A boring old C-style language just like millions of developers learned before you, going back to the 1980s and earlier. It’s not flashy, it’s usually not cutting edge, but it is smart. Even if you don’t stick with it, or program in it on a daily basis, having a C-style language in your repertoire is a no-brainer if you want to be taken seriously as a developer.
What is a C-style language?
The answer to that depends on who you ask, because there’s almost nothing developers enjoy more than arguing over the influences and derivation of languages – except maybe arguing over which language is best. Despite all the arguing, there’s pretty solid agreement that C, C++, Java, C#, and Objective-C are all C-style languages.
What you get out of learning a C-style language is the fundamentals of programming that are common to many other languages: variables, values, and types; assignments and expressions; functions, parameters, and return values; control flow and program progression. These are basic concepts that any programmer will be expected to know, and if you learned them in a C-style language, you’ll have the mindset in common with most other developers you meet, and that most employers expect.
Latin isn’t dead; it’s just resting
I’m not advocating that you learn any particular C-style language, just that you learn one of them. Which one is best really depends on your particular job situation. If you’re programming in Microsoft shop, learn C#. If you need to make Android apps, learn Java. If you’re working on embedded systems, or anything close to the hardware, good old C is probably most useful. If you’re working anywhere else, C++ is a good bet.
The magical thing about learning a C-style language is that once you know one of them, the rest are easier to learn. Nobody speaks Latin anymore, but it’s still useful to learn; among other reasons, you get a jump on learning Italian, Spanish, and French for free. Knowing one C-style language doesn’t automatically give you expert-level skills in the others, but it reduces the learning curve quite a bit. It’s a safe bet that if you know C#, you can read Java with little trouble. Learning to write it requires a crash course in syntax, but that takes days, not months. Of course, being truly fluent in a programming language requires time, effort, and practice, but that’s true of any language.
The term “polyglot programmer” gets thrown around a lot as a desirable trait for a developer. While that phrase usually means “I know something other than C-style languages,” having the base of a C-style language is the foundation that you build your polyglot street cred on. The C-style language represents the basic mode that most programmers think in. Once you have that, you can branch out to functional, or other kinds of languages. Switching to another language paradigm means changing the way you think about programming, and that’s often challenging, but that’s a good experience as well. That doesn’t mean that starting with a C-style language is a bad choice; if the first language you learn is functional, you’ll need to change your way of thinking to learn to write imperatively. There’s always a learning curve when you change your fundamental habits, which is why I recommend starting at the most common starting language.
C is your safety net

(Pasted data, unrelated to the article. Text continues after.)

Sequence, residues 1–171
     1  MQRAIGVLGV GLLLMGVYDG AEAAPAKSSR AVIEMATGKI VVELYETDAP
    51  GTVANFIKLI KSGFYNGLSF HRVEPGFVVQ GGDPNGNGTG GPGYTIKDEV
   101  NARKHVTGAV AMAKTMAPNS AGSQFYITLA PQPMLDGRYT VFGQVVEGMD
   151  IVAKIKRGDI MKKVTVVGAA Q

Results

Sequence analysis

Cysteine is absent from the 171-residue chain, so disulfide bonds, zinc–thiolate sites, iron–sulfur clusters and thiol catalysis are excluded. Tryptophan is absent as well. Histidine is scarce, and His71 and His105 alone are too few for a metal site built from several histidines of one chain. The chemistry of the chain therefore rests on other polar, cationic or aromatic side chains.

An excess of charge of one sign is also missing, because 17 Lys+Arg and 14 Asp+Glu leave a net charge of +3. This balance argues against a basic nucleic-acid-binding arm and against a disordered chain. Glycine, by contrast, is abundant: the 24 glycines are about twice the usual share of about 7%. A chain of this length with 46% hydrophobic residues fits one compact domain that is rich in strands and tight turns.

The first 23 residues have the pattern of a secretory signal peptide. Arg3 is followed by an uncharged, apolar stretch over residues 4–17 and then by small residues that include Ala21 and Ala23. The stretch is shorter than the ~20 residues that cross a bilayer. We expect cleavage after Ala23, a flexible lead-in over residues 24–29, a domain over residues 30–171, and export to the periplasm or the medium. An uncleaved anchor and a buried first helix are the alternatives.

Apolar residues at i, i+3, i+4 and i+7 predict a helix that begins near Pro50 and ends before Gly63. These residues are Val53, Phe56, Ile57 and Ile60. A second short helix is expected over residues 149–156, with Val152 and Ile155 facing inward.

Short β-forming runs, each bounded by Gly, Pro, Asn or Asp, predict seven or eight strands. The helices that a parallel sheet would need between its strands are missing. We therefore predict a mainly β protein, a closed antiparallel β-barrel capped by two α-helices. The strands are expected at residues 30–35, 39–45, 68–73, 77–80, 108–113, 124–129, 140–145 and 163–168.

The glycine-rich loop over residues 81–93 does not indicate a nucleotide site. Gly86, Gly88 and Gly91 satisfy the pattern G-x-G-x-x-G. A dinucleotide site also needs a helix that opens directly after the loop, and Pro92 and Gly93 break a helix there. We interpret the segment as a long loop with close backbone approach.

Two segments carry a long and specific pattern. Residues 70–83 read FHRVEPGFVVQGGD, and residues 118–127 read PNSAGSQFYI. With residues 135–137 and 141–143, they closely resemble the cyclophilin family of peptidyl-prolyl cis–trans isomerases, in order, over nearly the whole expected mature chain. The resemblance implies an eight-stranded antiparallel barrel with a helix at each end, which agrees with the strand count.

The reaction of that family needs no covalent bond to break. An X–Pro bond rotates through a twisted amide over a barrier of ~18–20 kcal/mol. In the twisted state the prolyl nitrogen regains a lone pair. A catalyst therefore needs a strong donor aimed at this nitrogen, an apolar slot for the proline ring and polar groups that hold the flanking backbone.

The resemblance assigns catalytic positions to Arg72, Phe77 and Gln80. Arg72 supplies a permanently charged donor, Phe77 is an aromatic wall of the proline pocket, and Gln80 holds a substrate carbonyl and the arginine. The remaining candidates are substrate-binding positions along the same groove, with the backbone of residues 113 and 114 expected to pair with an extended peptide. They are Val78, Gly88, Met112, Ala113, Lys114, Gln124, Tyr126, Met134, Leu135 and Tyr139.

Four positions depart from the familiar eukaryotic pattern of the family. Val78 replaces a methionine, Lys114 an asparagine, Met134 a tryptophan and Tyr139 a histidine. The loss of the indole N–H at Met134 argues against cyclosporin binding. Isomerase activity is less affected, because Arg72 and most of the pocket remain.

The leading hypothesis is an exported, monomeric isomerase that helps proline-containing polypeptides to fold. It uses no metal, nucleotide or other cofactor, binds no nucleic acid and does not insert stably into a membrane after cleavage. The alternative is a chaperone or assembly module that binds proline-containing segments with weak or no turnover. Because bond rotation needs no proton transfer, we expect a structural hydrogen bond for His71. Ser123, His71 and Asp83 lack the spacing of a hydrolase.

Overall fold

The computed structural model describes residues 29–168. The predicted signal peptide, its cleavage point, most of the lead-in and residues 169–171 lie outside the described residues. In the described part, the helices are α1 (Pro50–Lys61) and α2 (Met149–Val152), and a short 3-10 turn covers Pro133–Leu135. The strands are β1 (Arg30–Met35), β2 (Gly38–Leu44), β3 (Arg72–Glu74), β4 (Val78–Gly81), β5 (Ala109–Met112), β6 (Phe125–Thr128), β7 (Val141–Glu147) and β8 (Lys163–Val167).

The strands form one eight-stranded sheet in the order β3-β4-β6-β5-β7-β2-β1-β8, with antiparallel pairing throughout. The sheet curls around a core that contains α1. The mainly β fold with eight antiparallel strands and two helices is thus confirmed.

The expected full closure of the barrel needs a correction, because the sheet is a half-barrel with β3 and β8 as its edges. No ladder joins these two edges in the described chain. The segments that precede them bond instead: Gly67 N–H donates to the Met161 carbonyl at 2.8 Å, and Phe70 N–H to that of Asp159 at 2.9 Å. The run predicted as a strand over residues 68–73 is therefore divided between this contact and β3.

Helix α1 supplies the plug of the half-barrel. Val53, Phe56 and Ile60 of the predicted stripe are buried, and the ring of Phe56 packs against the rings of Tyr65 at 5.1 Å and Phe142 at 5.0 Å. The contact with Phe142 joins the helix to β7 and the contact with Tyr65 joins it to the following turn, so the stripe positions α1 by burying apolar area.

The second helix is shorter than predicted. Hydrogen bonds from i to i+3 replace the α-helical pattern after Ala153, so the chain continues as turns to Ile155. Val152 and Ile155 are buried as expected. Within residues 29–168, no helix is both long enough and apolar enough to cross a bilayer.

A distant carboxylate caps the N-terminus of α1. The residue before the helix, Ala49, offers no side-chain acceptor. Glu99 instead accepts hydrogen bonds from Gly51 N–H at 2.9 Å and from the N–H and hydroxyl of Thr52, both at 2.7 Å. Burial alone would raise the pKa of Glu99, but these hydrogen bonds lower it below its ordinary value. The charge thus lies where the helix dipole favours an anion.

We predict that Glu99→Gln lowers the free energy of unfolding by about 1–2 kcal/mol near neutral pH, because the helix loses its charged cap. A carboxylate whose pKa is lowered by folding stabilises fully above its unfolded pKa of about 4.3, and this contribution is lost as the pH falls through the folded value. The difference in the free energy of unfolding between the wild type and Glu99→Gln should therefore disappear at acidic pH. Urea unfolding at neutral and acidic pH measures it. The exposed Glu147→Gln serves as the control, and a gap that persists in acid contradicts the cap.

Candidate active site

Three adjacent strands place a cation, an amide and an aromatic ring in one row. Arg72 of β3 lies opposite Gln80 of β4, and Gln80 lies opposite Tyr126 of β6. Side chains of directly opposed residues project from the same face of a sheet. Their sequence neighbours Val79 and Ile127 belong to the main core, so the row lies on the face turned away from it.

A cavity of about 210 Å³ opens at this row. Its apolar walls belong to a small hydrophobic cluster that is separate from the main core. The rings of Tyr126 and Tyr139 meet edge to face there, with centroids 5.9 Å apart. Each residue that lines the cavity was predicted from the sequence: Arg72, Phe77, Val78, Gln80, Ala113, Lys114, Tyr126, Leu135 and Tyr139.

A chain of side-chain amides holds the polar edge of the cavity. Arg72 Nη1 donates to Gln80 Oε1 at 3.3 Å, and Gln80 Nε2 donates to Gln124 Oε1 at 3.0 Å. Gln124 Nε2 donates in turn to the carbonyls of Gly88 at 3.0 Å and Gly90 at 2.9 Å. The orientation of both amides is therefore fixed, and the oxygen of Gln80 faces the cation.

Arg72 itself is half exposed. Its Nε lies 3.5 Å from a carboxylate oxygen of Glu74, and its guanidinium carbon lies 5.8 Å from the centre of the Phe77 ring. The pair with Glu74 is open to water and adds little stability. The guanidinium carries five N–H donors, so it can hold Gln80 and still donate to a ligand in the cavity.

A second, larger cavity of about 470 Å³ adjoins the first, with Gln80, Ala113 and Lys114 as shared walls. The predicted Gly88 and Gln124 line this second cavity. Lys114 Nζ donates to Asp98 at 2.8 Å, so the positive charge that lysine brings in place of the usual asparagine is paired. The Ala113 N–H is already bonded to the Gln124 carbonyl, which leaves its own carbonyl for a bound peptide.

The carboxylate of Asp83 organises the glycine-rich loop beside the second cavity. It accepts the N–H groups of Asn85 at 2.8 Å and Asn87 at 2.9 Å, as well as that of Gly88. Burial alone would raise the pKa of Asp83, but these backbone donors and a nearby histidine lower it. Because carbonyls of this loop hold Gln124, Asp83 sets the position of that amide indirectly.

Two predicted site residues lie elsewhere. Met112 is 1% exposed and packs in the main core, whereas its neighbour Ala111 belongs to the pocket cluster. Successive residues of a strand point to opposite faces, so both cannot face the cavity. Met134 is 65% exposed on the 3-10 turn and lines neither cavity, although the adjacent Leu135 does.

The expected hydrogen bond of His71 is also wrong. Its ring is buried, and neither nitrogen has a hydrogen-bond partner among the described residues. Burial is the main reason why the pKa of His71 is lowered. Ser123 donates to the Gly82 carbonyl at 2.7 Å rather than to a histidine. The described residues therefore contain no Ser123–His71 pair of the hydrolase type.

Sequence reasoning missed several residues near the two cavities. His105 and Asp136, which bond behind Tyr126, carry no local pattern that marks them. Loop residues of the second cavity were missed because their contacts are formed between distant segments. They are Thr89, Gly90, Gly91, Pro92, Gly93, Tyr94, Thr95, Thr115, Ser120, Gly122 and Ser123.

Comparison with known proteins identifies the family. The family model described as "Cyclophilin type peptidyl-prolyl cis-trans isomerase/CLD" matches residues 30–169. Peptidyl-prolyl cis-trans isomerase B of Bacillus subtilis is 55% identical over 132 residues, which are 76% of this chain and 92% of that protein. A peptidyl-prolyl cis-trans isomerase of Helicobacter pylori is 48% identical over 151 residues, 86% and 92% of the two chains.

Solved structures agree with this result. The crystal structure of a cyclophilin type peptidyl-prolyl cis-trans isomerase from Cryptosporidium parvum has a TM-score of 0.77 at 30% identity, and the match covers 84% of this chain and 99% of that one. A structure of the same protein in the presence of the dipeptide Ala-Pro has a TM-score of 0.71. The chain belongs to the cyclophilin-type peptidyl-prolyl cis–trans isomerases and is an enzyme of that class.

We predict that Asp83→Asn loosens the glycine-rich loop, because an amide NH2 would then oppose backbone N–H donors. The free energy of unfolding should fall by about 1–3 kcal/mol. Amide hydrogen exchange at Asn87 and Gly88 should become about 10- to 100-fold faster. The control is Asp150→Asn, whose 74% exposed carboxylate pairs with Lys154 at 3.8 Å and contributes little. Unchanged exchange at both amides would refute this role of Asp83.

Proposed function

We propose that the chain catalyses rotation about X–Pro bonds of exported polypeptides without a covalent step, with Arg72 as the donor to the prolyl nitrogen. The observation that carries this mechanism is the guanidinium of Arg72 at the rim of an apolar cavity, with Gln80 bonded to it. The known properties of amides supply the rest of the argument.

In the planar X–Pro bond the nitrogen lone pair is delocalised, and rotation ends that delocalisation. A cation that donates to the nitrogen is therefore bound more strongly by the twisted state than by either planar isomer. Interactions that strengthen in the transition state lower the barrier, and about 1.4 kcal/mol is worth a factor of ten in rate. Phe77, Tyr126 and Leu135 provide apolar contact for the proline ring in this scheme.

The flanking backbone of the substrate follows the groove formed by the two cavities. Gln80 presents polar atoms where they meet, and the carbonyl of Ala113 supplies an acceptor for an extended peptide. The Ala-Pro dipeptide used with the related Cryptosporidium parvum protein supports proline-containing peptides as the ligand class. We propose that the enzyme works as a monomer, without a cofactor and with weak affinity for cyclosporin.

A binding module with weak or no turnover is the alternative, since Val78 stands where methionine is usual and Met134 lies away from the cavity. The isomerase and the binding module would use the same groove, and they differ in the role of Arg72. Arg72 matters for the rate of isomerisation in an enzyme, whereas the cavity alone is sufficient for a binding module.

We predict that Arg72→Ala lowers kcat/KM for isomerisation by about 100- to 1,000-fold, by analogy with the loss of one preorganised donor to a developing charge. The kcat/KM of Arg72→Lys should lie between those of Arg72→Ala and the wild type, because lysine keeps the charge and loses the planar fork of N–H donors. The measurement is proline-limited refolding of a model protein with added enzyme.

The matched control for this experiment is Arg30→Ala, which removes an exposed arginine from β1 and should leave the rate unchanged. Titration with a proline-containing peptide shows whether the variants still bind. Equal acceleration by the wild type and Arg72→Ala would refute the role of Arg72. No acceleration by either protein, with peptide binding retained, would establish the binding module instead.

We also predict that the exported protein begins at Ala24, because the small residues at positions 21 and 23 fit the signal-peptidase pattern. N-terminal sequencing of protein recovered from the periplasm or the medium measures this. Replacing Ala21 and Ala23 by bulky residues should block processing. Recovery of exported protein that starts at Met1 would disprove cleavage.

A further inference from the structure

Everything I’m saying here is based on the pragmatic assumption that you’re learning to program because you want to get a job writing code, and preferably get paid for it. That’s not true for everybody, and if you’re doing this strictly for the fun of writing code, more power to you; choose whatever language you like.
For those of you who are making language choices to help your career, you need to be conversant in the languages where the jobs are. On the TIOBE Index, the top five languages are C-style, and the rest of the top 10 have some level of C influence. If you don’t like TIOBE, the PYPL language popularity index also has five C-style languages in its top ten. You can debate the accuracy of any index you like, but in the aggregate, you get a pretty good indication of what employers are looking for. There are some flexible employers who don’t insist that you know their language of choice when you start, but they will look for candidates with the shortest learning curve, and fluency in a C-style language gives you an advantage there.
Even if you’re further along in your career, knowing a C-style language provide a nice safety net if you have an unexpected job change. You may have spent years programming in Haskell and loving it, but disaster can strike at any time, and if you have a C-style language in your arsenal, you’re better off than a suddenly unemployed programmer who doesn’t. If nothing else, you’ll save a lot of time in interviews explaining why you never learned C++ or Java.
Programming good habits
In the final analysis, your choice of a programming language to learn will almost certainly be based on what problems you need to solve, or what language your employer tells you to use. That decision is going to be based on the current “hotness” as often as any other reason. There’s no denying that it’s cool to be one of the few programming in the new language that everybody’s talking about. If you’re lucky, the language will be a hit, and you’ll be one of the first to be able to claim extensive experience in it when the headhunters come looking.
Having experience in a C-style language is more like brushing your teeth every day. It’s not glamorous, and nobody will give you a reward for doing it, but someday down the road, you may be really happy that you did.
This post is part of our ongoing exploration into what it takes to become a software engineer.
Public domain tool image via Pixabay.